included in the scheme were already recognised in the Academy is plain. In the Topics relatives have a number of their own topoi and the varieties of relatives enumerated in the Categories follow closely on the lines of division in the Charmides. (4) Much of the matter of the Topics must have been common to Academy and Lyceum. But this is not to say that the Categories as a complete and exhaustive scheme belonged to the Academy. Eudemus tells us that Plato solved the difficulties of Lycophron and others by a dual distinction of being. I shall accordingly assume in what follows that the scheme of the Categories was evolved in the course of efforts to establish a doctrine of judgment which should settle the difficulties raised by Megarian and other critics; that the application to the solution of the larger metaphysical problems was a later development; that the foundations of the scheme were laid in the Socratic tradition of the Academy; that the completed scheme is probably Aristotle's own; and that the original working out of the scheme did not contemplate extension beyond the metaphysics implied in predication to the more fundamental metaphysics of the First Philosophy. Hence we must look to the analysis of empirical propositions for the origin of the scheme. Now if we examine the scheme itself, we find three aspects of it to have special significance: (a) The first is the distinction between accidental predication (kata sumbebékos) and essential predication (kath' hauto). (5) What is musical may be literate, but only 'in virtue of something else' (kat' allo), viz.: qua Callias; Callias is literate essentially (kath' hauton). This distinction provides the first condition of scientific predication, and is regarded as of fundamental importance by Aristotle, who prefaces his accounts of such notions as unity and being with references to the accidental uses of these terms (Meta. V 6, 1015b16; 7, 1017a7). (b) Closely connected with the previous distinction is the doctrine that all the Categories (including substance as predicate) imply a subject (hupokeimenon), which is the point of real connexion between the predicates, and provides the basis of their coexistence. The Categories classify the many 'names' which we apply to the individual (e.g. a man, Sophist 251A), and give expression to the fact that he does not lose his unity in the process. (c) Furthermore, all direct relations of implication and incompatibility lie within the Categories severally. They are, so to say, independent variables. The relation of genus to species is everywhere confined within the limits of a category and so is the relation of contrary opposition. This suggests a close connexion with the Platonic division, which, as we know from the Sophist and the Politicus and from Aristotle, was so prominent in the Platonic conception of scientific method." pp. 75-77. 1. Heinrich Maier, Die Syllogistik des Aristoteles, 3 volumes, Tübingen, 1896-1900, vol. II, pp.277 ff.; Otto Apelt, Beitrage zur Geschichte der griechischen Philosophie, Leipzig, 1891, pp.106 ff. 2. Alfred Gercke, Ursprung der aristotelischen Kategorien, Archiv fur Geschichte der Philosophie 4, 1891, pp.424 ff. 3. Analysis of the arguments in the Charmides shows that nearly all make use of topoi dealt with by Aristotle in the Topics. 4. Cf. with Cat. 6a36 sqq., Charmides, 168A. The list in Rep. 437B is the same and in the same order. 5. See the distinction of 'being kata sumbébekos' and `being kath' hauto' (Meta. V 7, 1017a7 ff.). Apelt's equation of `being kath' hauto' with 'being said in virtue of no combination' (op. cit. 117) is manifestly wrong. Kath' ho or kath' hauto means that the determination attaches to the subject in respect of the subject itself and not in respect of the determination. See kath' ho and kath' hauto, Meta. V 18, 1022a14 ff. Charles Melville Gillespie - The Aristotelian Categories - The Classical Quarterly 19, 1925, pp. 79-84. Reprinted in: J. Barnes, M. Schofield, R. Sorabji (eds.) - Articles on Aristotle - Vol. 3 - Metaphysics - London, Duckworth, 1979, pp. 1-12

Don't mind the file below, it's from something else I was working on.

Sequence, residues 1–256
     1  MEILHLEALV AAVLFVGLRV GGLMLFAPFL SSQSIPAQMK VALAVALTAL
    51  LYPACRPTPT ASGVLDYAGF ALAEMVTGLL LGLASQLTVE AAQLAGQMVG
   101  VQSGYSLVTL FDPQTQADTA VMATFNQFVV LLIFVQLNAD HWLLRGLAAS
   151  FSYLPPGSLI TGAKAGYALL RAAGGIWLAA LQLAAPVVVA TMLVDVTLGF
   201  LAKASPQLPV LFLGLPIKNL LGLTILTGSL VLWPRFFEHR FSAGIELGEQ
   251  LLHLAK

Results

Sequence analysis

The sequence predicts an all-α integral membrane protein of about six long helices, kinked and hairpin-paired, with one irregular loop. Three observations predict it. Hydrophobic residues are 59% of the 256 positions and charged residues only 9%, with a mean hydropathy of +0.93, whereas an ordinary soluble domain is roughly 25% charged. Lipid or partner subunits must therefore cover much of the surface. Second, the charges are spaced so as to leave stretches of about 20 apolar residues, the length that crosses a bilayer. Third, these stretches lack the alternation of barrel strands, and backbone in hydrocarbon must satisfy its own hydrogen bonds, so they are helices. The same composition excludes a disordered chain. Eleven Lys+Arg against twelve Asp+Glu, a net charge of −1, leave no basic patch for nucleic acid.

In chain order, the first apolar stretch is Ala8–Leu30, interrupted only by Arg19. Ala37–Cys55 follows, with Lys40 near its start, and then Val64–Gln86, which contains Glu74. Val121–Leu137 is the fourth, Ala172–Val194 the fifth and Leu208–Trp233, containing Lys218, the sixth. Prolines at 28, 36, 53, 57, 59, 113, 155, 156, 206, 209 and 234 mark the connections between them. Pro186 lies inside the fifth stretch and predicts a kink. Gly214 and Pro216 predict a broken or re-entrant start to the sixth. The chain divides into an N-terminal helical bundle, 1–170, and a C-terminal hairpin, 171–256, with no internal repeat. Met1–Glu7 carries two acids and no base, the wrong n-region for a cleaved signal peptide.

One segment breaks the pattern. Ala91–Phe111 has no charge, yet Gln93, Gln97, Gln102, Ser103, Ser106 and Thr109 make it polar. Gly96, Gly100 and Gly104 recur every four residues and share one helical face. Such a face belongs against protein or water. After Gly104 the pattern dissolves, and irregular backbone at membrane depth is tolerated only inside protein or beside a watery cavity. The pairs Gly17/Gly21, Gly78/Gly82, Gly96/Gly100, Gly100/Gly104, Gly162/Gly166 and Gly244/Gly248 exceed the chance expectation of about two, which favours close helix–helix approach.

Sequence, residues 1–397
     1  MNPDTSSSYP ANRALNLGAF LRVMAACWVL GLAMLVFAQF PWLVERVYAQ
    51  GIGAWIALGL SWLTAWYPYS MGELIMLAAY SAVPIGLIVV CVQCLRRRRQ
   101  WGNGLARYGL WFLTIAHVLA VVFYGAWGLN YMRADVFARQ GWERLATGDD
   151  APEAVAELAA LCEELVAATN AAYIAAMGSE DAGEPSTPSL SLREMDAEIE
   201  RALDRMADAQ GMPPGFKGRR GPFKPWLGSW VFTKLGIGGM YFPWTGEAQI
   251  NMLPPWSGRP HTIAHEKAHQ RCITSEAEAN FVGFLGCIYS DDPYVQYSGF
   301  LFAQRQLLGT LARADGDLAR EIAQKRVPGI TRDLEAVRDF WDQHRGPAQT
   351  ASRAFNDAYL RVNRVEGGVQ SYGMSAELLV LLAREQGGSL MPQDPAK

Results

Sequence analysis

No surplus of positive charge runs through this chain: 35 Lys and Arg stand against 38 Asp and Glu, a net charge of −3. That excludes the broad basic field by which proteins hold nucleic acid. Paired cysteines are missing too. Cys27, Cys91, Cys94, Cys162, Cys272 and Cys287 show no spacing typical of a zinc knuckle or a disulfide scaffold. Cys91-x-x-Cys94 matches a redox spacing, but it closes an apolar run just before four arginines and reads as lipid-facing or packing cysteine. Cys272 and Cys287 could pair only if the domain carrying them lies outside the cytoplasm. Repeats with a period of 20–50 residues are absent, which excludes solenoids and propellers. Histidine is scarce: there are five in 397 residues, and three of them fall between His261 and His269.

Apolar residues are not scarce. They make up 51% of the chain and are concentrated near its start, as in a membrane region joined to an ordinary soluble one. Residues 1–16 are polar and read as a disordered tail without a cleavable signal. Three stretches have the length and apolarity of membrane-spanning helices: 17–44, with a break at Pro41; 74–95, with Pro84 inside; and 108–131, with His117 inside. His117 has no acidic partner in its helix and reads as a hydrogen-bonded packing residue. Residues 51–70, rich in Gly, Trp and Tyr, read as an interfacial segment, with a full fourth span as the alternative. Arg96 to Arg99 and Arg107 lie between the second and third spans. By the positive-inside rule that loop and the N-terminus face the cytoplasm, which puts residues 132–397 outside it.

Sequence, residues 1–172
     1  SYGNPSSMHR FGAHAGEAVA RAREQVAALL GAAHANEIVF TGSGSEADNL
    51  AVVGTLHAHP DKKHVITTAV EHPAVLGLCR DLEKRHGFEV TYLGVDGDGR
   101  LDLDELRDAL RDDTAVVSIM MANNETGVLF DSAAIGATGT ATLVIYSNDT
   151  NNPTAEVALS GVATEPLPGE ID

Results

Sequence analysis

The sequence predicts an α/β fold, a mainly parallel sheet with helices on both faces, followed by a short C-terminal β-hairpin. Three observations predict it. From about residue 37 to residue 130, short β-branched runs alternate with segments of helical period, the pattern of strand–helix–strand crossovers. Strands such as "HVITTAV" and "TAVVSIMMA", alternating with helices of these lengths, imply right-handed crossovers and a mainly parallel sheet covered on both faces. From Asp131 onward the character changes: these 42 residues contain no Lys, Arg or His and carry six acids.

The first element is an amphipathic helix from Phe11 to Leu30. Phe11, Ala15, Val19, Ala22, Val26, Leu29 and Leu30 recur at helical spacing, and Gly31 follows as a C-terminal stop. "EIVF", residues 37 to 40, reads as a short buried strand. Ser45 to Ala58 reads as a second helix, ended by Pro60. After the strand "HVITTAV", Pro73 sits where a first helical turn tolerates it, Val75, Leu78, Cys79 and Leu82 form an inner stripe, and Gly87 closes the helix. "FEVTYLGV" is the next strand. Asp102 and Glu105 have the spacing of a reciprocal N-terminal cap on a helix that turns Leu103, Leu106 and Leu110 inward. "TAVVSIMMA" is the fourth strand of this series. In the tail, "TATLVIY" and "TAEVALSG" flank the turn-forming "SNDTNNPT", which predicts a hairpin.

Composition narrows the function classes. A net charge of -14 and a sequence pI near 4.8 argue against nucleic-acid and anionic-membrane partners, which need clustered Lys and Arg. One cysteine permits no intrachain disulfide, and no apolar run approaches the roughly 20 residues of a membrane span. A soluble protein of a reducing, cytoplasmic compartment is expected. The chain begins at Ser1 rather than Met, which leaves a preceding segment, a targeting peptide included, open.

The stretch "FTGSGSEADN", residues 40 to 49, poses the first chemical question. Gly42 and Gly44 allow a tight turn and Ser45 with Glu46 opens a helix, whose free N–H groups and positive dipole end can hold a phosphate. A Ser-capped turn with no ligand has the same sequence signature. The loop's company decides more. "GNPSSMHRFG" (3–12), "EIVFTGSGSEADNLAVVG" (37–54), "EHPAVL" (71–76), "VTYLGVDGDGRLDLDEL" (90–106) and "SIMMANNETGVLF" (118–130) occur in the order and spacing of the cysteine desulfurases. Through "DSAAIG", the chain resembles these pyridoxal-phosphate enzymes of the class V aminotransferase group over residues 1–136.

THE PROBLEM OF THE AUTHENTICITY OF THE CATEGORIES